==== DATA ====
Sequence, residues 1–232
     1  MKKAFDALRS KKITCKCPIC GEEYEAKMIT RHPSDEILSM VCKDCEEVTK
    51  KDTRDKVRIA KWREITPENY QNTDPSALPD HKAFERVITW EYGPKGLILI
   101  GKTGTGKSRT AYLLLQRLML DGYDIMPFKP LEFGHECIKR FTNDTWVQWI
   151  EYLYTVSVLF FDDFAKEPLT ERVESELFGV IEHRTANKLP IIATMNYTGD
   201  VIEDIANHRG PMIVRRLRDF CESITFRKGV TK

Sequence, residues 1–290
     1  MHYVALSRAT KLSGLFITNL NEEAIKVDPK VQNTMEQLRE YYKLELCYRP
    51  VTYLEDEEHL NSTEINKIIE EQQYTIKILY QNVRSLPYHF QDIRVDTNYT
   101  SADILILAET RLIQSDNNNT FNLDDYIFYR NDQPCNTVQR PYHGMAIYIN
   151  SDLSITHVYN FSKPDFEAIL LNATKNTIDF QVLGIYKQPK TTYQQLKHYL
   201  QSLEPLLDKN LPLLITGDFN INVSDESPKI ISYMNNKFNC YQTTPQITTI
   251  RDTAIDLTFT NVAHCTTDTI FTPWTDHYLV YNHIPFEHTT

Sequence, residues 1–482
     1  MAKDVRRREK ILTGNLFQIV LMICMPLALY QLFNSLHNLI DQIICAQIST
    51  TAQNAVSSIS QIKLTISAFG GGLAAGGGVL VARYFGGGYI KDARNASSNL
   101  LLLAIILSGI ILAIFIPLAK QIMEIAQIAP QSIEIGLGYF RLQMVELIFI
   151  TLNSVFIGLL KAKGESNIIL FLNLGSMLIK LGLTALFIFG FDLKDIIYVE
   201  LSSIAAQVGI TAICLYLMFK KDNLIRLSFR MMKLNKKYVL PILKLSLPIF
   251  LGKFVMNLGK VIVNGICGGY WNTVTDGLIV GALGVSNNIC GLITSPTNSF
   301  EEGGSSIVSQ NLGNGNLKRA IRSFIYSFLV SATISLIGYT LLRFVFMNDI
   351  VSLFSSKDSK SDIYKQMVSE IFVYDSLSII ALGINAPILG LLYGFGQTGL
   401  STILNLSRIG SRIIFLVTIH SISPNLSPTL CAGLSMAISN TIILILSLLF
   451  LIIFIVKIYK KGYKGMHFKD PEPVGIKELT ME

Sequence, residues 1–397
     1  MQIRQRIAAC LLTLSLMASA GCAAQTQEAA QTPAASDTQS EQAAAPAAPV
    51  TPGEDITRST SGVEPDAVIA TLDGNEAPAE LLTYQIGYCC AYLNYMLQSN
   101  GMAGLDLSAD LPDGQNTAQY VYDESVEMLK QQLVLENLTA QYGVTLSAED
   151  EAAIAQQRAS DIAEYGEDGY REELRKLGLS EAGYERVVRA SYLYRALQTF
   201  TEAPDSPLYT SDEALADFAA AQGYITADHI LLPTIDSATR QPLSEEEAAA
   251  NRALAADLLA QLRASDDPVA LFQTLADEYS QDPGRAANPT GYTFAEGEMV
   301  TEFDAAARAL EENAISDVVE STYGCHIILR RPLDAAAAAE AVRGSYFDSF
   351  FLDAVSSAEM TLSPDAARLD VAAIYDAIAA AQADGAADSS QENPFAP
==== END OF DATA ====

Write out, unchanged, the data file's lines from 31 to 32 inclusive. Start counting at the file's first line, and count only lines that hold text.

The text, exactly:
   251  NRALAADLLA QLRASDDPVA LFQTLADEYS QDPGRAANPT GYTFAEGEMV
   301  TEFDAAARAL EENAISDVVE STYGCHIILR RPLDAAAAAE AVRGSYFDSF